Le House

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Le House interior

The owners of a new Vietnamese restaurant in downtown Orlando named it Le House because they wanted customers to feel as if they were dining at their home. I can’t attest to that authenticity, but I can say that I certainly felt welcomed and accommodated on my visit, even if I wasn’t offered the guest room.

The menu here is more succinct than at other Vietnamese restaurants. Pho is available, as it must be at all local Vietnamese restaurants, apparently by law. But Le House’s menu has a manageable 10 entries instead of the three or four dozen you might be asked to negotiate elsewhere.

But pho is not a specialty of Le House. The young man who greeted me — welcomed me into his home, as it were — suggested two items under the Specialty banner: Nem Cuòn, a springlike roll with cured fermented pork; and Com Gà, or organic chicken.

The Nem was a must, I decided, but instead of the entree version, which comes as a build-it-yourself kit of ingredients, I opted for the no-assembly-required appetizer variety.

Columbia Restaurant Ybor City

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Columbia sign

Columbia Restaurant in Ybor City has been around for more than 114 years, longer than any other restaurant in Florida. The menu features an item called the 1905 Salad to commemorate the year it opened. Actually, when the restaurant was anticipating celebrating its centennial in 2005, the owners found documentation that it had really opened in 1902, but they decided to stick with the 1905 date. There would be the whole salad problem to deal with, after all.

A restaurant has to be doing something right to last that long. But if my recent experience is indicative of the way the restaurant operates now, it may not see another anniversary. It has a whole lot more problems than a misnamed salad.

Tre Bambine

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trebambine interior

I don’t suppose that technically there’s an absolute, written in stone recipe for Saltimbocca. After all, the word means “jump in the mouth” in Italian, and you could probably name a number of ingredients that you might like to have saltim your bocca.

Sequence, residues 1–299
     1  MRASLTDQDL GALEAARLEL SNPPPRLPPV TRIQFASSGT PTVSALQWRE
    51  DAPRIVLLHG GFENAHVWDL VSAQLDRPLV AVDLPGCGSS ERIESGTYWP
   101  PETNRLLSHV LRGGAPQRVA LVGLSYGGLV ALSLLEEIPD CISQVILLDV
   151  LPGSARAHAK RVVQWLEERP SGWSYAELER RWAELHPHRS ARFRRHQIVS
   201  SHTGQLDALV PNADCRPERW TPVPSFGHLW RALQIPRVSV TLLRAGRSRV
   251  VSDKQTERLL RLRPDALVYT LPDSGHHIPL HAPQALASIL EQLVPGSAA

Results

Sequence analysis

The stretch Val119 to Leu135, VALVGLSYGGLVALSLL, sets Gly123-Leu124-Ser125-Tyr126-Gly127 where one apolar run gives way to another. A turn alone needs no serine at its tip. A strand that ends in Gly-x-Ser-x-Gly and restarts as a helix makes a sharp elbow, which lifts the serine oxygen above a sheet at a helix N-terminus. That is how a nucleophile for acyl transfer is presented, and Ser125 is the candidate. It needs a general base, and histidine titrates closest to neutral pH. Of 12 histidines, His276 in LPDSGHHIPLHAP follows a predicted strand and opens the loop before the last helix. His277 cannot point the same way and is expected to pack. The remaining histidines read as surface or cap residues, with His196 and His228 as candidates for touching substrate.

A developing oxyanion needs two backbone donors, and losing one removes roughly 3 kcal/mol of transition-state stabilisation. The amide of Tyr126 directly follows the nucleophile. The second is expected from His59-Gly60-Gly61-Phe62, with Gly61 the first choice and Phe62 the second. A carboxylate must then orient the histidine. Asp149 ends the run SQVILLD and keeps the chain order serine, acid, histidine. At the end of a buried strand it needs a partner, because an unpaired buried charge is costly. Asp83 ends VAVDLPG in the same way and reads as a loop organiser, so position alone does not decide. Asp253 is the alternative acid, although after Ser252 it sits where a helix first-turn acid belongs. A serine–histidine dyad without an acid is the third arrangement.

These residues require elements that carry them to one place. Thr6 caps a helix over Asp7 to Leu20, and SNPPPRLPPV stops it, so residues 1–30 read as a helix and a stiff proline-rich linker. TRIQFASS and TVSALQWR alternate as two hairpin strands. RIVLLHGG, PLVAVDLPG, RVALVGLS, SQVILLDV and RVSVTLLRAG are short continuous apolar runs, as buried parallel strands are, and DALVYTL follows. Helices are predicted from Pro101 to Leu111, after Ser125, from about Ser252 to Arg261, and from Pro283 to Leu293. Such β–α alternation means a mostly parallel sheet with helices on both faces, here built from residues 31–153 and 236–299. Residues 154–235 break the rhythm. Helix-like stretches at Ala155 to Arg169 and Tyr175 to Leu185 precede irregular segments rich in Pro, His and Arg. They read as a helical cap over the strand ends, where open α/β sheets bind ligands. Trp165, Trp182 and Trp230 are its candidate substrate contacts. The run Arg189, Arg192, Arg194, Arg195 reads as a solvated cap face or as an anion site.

But generally, in Italian restaurants, saltimbocca usually refers to a specific preparation, though even that is open to variations. I’ve had veal saltimbocca and I’ve had chicken saltimbocca. But until I visited Tre Bambine, a new restaurant in the former Spice Modern/Lake Eola Yacht Club space, I had never had meatloaf saltimbocca.

Mind you, it was veal meatloaf, but still. This culinary interpretation was completely lost in the translation.

Forever Naan

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Forever Naan sign

I don’t know why it’s taken so long for an Indian restaurant to take advantage of the street name Curry Ford, but Forever Naan has finally stepped up with the subname Curry Street Grill.

It’s a little slip of a place near the corner of Conway Road in a strip that holds a pawn shop (once a Blockbuster Video) and a payday loan business. If I remember correctly, the space that Forever Naan occupies was once a Hungry Howie’s Pizza. So we’re not talking the toniest district.

But inside, FN has a pleasantly casual space. Although it seems more suited as a takeout restaurant, it has seating for dining in, albeit on uncomfortable looking metal chairs and backless stools. A bright red wall in the front of the space seems dedicated to Bollywood, with film reel sculptures, movie ticket signs and lobby cards for Indian flicks.

Menagerie Eatery & Bar

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Menagerie interior

I’m not exactly sure what Menagerie Eatery & Bar wants to be, and I’m not sure the people running it know either.

The Menagerie is the latest occupant of the corner spot on South Eola Drive and East Pine Street. It replaced Muddy Waters, which replaced Mucho. Perhaps there’s something in the deed that stipulates any business occupying the space must begin with the letter M.

The owners of Menagerie are Jonathan Canonaco and Brian Buttner, who also own Teak Neighborhood Grill, RusTeak College Park and, more pertinently, the Stubborn Mule, directly across the street.

The menu is a mishmash of cuisines, styles and food genres, which I suppose befits a place called Menagerie. The restaurant’s Facebook page says it is “chef driven,” but nowhere could I find the name of a chef. Or a driver, for that matter.